i also was thinking of literary references and wondered if you had something. >> an incredibly beautiful story it's one of the most complicated, revelatory and heartbreaking accounts of what itdy feels like to love somebod. i would recommend it to all. there are so many great questions and i hope that we can get to all of them. this one from much earlier on in your estimation or observation is there a correlation pertaining to addiction and being diverse on the spectrum of all autism and adhd?
>> i wouldn't want to say too much about it because i. particularly i do write about this i think we are going through a point in psychiatry where we used to think that if y were essences almost like you could hold in your hand and now there's a broad recognition that mental illness or disorders or whatever you want to call them are much more contingent and flexible and continuous. the i whole field is wrestling w to make sense of this. if there is no continuum there's no cutpoint from the disorder.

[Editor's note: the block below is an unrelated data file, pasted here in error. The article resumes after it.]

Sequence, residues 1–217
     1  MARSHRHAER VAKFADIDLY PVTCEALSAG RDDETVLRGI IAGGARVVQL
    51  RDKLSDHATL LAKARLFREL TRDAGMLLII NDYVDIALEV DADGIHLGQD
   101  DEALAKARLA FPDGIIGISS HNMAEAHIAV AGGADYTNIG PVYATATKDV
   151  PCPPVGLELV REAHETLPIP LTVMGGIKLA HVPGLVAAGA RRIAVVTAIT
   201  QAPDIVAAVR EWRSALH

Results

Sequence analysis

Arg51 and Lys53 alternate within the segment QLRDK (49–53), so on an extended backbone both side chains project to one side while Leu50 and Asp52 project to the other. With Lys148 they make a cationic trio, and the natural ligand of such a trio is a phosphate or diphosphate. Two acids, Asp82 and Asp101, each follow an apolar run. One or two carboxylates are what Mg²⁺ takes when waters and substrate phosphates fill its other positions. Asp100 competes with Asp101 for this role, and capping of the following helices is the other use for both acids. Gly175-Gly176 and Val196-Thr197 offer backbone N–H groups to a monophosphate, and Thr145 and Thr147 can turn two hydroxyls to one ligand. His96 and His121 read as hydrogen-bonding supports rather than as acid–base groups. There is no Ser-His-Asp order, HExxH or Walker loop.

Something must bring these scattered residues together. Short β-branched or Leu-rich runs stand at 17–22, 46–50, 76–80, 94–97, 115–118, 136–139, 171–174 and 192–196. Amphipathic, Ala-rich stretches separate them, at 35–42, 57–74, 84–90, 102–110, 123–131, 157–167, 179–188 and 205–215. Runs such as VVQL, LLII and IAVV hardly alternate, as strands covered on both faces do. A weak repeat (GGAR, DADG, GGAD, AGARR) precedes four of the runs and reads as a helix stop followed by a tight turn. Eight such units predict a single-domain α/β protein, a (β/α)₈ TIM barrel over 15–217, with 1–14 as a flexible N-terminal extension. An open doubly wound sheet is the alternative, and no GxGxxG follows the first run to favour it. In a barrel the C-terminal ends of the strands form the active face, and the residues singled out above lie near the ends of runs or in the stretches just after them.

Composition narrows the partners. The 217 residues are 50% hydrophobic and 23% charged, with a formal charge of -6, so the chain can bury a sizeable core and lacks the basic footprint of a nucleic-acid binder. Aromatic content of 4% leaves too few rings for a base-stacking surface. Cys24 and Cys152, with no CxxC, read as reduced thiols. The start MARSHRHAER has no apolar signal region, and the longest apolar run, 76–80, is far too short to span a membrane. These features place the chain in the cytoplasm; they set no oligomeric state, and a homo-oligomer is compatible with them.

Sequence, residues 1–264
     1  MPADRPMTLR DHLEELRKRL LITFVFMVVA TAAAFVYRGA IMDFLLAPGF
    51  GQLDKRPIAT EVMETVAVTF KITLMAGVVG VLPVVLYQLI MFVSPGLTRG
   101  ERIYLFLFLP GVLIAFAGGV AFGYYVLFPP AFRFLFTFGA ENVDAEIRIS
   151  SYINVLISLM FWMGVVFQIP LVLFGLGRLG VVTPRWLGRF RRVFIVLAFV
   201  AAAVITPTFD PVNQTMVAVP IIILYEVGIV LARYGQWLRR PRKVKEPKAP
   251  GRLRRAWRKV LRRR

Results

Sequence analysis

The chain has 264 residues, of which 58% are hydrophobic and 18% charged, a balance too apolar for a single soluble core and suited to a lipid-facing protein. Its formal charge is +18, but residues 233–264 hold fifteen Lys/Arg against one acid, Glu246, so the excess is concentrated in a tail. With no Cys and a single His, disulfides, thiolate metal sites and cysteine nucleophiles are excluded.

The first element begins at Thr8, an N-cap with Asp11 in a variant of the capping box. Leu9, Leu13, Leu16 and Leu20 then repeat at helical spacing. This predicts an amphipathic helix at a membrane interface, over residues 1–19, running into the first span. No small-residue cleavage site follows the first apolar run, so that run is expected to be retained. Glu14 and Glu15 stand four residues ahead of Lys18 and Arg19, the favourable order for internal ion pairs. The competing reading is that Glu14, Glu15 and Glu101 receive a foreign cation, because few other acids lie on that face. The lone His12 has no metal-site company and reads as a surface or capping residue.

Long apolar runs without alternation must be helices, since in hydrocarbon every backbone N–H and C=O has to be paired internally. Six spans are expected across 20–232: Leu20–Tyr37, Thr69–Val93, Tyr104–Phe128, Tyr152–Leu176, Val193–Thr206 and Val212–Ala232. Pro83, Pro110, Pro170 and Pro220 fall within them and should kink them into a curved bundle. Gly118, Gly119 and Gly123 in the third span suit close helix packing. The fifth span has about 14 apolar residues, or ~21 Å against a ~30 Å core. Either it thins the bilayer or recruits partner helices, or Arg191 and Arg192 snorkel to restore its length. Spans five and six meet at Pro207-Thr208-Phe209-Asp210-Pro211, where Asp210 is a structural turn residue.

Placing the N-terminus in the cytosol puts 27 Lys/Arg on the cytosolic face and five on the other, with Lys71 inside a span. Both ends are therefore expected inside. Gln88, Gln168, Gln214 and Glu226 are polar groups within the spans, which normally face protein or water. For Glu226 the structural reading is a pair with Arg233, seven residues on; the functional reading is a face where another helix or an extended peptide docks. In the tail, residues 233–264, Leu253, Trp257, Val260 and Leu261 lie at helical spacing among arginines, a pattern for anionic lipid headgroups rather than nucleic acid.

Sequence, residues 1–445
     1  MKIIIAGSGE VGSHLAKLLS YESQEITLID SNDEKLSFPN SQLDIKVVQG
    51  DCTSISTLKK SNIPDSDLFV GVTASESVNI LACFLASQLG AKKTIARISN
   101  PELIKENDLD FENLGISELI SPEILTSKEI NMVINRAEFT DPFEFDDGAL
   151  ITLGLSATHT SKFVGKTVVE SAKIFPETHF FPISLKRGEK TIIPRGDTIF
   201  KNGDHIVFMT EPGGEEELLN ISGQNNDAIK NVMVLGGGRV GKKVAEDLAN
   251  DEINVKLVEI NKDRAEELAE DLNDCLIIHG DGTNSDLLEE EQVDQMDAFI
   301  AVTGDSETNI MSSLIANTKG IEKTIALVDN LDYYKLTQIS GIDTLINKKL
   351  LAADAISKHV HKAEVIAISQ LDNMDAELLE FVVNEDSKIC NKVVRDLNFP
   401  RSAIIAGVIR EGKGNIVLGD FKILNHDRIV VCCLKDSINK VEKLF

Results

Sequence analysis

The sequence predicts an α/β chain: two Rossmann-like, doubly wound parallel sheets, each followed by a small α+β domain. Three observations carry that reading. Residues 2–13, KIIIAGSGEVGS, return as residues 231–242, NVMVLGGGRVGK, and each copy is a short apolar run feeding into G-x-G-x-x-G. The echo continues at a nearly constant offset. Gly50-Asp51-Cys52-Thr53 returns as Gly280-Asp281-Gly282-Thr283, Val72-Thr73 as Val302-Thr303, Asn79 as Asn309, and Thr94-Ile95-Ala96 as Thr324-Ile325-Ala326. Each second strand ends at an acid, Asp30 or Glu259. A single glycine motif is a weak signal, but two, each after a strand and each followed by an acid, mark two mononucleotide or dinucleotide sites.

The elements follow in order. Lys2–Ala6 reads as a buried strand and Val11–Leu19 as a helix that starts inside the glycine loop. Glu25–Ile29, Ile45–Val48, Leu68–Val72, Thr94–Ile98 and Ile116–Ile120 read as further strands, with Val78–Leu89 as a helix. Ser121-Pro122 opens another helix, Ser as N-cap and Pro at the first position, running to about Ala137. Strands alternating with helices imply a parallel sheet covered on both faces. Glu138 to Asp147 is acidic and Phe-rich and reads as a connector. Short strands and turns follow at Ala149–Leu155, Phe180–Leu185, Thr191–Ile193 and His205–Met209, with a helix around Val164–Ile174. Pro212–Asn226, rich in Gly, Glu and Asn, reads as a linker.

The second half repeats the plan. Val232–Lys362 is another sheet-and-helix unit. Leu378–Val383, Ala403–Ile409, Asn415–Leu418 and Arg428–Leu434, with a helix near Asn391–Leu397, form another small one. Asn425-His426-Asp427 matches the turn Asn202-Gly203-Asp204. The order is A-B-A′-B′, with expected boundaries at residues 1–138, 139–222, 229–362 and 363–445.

it's the end of chapter 11 that i finally say but i think it's a really important thing to keep in mind because it balances against the tendency to hold onto labels and if i had any sort of broad overarching hope for the buckets to hit pause on the sort of labels that becomele overdetermined and instead to think across multiple levels and find the points of connection and integration. there's a lotw, to be written about that because we need people with different experiences to investigate those questions in a similar way. >> i think we have time for one